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Dunstan Brown investigates autonomous morphology, morphology–syntax interaction, and typology. His recent work has focused on describing and understanding different aspects of morphological complexity. After graduating with a BA in Modern Languages and a Master of Linguistics from the University of Manchester, he completed a PhD in Linguistics at the University of Surrey and worked there for many years before taking up a 50th Anniversary Chair at York in 2012.
I am interested in morphology, because of the particular challenge it represents, being pervaded by irregularity and idiosyncrasy, and yet presenting a system of its own. Together with colleagues at Kentucky and Surrey, my recent work has concentrated on developing a theoretical framework, known as ‘Network Morphology’, to describe the systems of rules which determine the structure of words by construing irregularity as a matter of degree, using examples from a diverse range of languages and phenomena to illustrate. The Network Morphology philosophy promotes the use of computational implementation to check theories so that neat solutions to one problem can be tested to see what ramifications they have for other parts of the morphology. The results of this work have recently appeared in the book Network Morphology: a defaults-based theory of word structure published by Cambridge University Press (with Andrew Hippisley).
Together with Roger Evans (Brighton) I am working on the unsupervised learning of autonomous morphology, such as inflectional classes, which cross-cut the categories typically associated with syntax and cannot readily be accounted for in phonological terms. Because it is difficult to account for this in terms of other linguistic layers, an approach to validation based on independent analysis of the underlying data is of particular interest. In a new project on the Oto-Manguean languages of Mexico I am also working to apply this technique to languages which exhibit a large number of inflectional classes, combining both prosodic and affixal information.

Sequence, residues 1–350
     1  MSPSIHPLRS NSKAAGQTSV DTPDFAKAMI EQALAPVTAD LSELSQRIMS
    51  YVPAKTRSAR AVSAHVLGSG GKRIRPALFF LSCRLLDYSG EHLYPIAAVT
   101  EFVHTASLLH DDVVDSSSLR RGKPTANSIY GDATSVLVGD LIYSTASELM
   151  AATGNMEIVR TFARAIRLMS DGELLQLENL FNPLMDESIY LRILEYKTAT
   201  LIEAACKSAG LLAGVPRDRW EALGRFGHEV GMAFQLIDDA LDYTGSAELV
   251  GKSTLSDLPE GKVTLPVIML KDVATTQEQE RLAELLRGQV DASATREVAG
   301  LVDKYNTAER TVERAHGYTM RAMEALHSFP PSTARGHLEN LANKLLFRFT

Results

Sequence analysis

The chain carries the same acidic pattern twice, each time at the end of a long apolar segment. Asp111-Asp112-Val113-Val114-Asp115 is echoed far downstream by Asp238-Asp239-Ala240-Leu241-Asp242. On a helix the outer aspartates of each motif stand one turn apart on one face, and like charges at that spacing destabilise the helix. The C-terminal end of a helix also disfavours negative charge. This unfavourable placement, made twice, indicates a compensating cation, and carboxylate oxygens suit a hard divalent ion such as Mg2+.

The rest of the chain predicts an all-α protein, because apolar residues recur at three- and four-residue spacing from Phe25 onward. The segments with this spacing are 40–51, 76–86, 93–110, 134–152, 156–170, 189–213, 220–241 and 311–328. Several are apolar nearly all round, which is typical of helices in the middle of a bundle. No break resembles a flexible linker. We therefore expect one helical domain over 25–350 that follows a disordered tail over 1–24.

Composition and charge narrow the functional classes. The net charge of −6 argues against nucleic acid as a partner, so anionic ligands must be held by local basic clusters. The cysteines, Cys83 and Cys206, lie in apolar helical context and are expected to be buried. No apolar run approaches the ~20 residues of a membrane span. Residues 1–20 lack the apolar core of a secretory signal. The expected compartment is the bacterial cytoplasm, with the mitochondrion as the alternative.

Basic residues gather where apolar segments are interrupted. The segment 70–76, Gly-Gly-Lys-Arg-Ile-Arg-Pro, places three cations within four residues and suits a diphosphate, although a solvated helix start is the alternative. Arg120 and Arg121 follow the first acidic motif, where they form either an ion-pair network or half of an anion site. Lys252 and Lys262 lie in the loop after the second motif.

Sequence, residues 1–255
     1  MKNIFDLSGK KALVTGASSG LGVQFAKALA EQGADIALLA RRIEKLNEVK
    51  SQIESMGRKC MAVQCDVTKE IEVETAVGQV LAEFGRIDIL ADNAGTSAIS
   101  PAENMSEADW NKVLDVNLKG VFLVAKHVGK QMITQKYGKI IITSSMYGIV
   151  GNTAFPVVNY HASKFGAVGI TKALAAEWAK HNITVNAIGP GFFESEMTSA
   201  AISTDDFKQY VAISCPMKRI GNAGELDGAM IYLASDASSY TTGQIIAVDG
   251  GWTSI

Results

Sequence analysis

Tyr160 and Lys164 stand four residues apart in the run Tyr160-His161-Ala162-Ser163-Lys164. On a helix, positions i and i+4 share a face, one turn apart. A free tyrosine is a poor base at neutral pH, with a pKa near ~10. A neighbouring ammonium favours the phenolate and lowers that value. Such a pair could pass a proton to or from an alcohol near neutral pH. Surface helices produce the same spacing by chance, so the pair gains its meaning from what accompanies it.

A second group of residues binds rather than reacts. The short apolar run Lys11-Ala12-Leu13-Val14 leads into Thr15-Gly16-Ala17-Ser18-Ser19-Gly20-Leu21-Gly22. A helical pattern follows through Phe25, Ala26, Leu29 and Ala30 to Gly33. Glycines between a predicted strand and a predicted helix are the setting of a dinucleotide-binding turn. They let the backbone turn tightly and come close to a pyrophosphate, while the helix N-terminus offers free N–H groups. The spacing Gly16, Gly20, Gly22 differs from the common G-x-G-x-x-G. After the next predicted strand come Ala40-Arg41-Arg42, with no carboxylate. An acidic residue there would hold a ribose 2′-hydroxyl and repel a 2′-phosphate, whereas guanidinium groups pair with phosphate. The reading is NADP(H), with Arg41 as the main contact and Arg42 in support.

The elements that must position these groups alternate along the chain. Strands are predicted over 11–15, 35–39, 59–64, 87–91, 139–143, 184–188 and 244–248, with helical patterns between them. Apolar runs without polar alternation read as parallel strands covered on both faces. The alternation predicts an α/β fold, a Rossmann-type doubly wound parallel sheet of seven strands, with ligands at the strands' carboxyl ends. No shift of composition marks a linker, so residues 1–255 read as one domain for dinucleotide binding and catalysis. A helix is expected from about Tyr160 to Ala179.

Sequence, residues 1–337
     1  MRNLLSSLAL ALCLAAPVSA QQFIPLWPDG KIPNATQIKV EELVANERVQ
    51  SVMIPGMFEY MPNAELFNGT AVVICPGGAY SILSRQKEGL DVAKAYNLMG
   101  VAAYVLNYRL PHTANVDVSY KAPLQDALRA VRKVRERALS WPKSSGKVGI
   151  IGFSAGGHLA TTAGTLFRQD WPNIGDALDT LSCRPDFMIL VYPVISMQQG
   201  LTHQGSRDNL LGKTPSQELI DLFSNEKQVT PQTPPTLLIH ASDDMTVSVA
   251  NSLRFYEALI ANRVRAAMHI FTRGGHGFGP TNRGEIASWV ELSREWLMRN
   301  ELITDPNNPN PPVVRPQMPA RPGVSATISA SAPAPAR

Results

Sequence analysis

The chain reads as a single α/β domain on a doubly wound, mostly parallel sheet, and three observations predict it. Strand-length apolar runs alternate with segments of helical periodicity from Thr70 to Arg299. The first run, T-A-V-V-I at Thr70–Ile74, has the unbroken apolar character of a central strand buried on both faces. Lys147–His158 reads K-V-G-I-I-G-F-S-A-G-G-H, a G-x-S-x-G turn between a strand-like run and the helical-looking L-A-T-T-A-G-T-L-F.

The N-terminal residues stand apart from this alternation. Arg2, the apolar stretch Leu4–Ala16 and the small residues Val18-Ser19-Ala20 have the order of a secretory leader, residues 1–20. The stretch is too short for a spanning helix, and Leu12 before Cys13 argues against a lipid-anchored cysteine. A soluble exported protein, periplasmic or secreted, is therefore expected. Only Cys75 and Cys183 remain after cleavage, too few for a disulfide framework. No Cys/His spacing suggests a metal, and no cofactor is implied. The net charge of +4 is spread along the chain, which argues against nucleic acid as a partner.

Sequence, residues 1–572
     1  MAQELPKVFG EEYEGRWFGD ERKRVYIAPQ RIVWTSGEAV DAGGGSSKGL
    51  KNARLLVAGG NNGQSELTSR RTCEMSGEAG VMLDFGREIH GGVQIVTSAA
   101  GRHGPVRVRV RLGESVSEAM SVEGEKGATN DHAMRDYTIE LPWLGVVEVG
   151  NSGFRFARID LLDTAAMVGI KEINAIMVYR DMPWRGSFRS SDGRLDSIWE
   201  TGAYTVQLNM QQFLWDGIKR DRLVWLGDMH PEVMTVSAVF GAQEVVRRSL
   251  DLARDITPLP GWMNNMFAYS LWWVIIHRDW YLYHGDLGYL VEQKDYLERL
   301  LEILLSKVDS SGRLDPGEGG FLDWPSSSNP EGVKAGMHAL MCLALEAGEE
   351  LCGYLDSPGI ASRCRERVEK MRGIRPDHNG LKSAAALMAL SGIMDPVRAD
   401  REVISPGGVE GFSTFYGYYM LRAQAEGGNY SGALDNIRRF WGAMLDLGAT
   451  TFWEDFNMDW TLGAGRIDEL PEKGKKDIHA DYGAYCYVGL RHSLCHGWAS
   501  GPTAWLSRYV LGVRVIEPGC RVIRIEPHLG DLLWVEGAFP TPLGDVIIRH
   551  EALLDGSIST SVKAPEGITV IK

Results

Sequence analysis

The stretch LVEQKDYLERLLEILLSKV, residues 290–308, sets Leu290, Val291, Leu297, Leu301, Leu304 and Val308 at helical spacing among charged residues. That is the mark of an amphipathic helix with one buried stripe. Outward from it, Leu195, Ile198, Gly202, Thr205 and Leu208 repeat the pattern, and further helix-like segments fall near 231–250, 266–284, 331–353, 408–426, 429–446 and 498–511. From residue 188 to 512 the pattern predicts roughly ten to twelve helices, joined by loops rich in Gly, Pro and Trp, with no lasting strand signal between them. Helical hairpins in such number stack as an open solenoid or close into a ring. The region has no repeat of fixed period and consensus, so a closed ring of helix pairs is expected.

As I am interested in the interaction between morphology and syntax, the Nakh-Daghestanian language Archi provides a rich source of data on this topic, particularly in relation to the role of morphology and syntax in agreement. Working with colleagues in the Surrey Morphology Group I worked on the creation of a dictionary of the Archi language. We have now started a new project on the Archi agreement system. As agreement in Archi is manifested across a wide variety of domains and constructions it is a particularly valuable language for investigating the mechanisms and constraints on agreement.
I am working with colleagues in Fairbanks (Alaska), Leiden (Netherlands) and Surrey on the Alor-Pantar languages of eastern Indonesia. The area I have focused on, with Sebastian Fedden (Surrey), is the pronominal marking system. One of the results of this work is that we have observed differing degrees of arbitrariness in the choice of prefixal marking, something of particular interest for work on how autonomous structure can arise.
Over the years I have also been active in creating a number of databases for investigating specific morphology phenomena.
On current research projects I collaborate with colleagues at Essex, Fairbanks (Alaska), Harvard, Leiden and Surrey.
I would be happy to supervise research projects on morphology, including computational and theoretical approaches, morphology-syntax interaction and typology.
I am currently co-supervising the follow PhD students based at Surrey: